GE Transportation's diesel electric locomotive assembly plant is a few blocks east of downtown Erie. Engines for the locos are made in Grove City, Pa.

GE is the nation's largest loco maker. I was told the plant once employed about 8,000 people. It is in the process of permanently laying off about 1,500, reducing its workforce to 3,000.

The plant once was the city's largest employer, but now is about even with University of Pittsburgh Medical Center's Hamot operations.

According to news I read, some of Erie's production will be moved to a new plant in Fort Worth, Texas. Less coal moving by train is one reason for the cutbacks.

A beautiful mural with the slogan "Built with Pride to Move the World" graces the side of one of the plant's buildings. The 340-acre complex includes a 2-mile test track.

The plant has operated for more than 100 years. An Erie resident I talked to claimed 2015's production numbered about 500 locos.

UNION DEPOT AND BEER

Erie's Union Station is a huge building along CSX's mainline. When passenger service ceased years ago, it morphed into the Brewerie at Union Station, an eatery and brewery.

I visited it for an hour or so to sample the beer and try to picture what the atmosphere was like when the depot was bustling with travelers.

A barmaid told me the bar is situated where the soda shop and newsstand used to be. A former barbershop is in one corner, and a large "tickets" sign hangs over diners.

The station has a patio from which patrons can watch passing CSX trains, but it was booked for a private function and not open to the public when I was there.

Erie has three other craft breweries within five or six blocks of Union Station. I also patronized Lavery Brewing Co. Erie Brewing Co. and Erie Ale Works are the others.

FORT LEBOEUF-WATERFORD

As I headed out of the Erie area, I had one more stop on my list -- Waterford, Pa. and the site of Fort LeBoeuf from the French and Indian War era of the 1700s.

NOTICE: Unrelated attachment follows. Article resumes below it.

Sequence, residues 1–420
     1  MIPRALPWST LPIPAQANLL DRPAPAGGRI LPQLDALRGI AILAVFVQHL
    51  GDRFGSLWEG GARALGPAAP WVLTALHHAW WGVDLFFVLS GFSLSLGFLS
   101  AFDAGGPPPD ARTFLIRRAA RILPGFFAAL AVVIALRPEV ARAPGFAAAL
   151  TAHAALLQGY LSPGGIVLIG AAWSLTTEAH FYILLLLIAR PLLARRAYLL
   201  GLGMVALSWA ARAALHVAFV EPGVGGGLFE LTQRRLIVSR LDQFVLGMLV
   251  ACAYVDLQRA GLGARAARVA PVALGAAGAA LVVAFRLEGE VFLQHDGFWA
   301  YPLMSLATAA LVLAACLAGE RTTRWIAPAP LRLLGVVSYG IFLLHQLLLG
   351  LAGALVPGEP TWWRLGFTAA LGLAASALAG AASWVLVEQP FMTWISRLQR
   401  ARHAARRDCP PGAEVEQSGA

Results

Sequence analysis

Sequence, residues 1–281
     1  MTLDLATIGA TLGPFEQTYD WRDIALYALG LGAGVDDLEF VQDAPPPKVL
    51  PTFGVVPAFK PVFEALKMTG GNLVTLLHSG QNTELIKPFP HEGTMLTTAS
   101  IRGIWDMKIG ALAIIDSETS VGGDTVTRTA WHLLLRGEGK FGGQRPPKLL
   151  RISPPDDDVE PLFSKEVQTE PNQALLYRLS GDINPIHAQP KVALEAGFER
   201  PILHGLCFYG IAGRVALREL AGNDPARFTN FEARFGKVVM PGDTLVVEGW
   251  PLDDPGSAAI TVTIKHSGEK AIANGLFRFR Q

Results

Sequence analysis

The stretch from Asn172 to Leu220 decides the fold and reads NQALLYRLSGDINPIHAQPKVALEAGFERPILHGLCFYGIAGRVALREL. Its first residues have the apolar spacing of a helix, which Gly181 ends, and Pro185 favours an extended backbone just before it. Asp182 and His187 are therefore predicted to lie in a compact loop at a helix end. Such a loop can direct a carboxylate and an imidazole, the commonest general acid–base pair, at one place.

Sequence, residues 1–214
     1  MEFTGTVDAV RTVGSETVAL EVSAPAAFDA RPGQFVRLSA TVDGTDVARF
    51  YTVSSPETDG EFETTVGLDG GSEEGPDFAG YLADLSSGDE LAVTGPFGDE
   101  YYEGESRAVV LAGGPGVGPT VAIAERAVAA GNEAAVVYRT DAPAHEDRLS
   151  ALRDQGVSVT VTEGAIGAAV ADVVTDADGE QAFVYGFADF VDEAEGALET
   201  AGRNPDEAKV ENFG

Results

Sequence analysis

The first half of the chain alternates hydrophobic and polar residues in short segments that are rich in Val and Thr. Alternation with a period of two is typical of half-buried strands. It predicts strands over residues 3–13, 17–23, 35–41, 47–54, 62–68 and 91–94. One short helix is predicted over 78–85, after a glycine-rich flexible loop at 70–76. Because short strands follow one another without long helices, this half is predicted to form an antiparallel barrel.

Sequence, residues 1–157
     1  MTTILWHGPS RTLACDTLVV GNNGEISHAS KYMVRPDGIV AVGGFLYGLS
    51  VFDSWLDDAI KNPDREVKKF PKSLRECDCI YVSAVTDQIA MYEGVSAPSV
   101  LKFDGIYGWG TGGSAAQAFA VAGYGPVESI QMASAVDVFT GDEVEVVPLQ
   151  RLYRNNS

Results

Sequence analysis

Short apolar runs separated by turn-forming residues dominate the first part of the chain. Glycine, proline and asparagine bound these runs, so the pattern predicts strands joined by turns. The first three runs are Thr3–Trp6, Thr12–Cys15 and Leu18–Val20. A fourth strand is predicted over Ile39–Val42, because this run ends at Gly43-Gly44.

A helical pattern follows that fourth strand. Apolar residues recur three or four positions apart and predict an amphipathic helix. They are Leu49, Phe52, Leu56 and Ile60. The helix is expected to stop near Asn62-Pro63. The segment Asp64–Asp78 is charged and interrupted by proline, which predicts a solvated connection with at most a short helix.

Fort LeBoeuf Historical Society has jurisdiction over three structures -- the Eagle Hotel, Judson House and a museum in a modern building. The latter two were not open.

But the Sugar 'n Spice restaurant in the well-preserved Eagle Hotel was, so I enjoyed a large slab of meatloaf while admiring the dining area on the lower floor.

Fort LeBoeuf was built by the French in 1753, but in 1759 it was evacuated and burned. The British built a new fort in 1760, but Indians burned it down in 1763.

The Americans built a third fort in 1794 and erected a blockhouse in 1796. The latter served as a prison, store house, post office, hotel and residence until it burned in 1868.

The Eagle Hotel, also called the Stone Hotel, was built in 1826 as an inn, stagecoach stop and livery stable. Amos Judson's home is across the street on the site of the three forts.

The two-story Judson House is furnished in mid-1800s style. Part of its second floor houses the society's library and genealogy collection, plus a model of original Fort LeBoeuf.

The Eagle Hotel's second and third floors display historic artifacts. The third floor once was a ballroom with a spring floor. Judson was one of the hotel's former owners.

The hotel housed many dignitaries, such as President Zachary Taylor, and was touted as one of the finest accommodations in the country. In the mid-1900s, famous Big Band members stayed there.

Beside the Eagle Hotel is a small lot called Washington Park, which focuses on the history of the nearby forts and boasts the only known statue of George Washington in a British uniform.

Because Fort LeBoeuf was in British territory, Washington visited it in 1753 to present the commandant with an ultimatum to abandon the premises, but the request was denied.

Washington's visit was commemorated by the citizens of Waterford in 1922, with the purchase of the statue for $13,000.

Email: klahmers@recordpub.com

Phone: 330-541-9400 ext. 4189


Rate this article

Do you want to leave a comment?   Please Log In or Register to comment.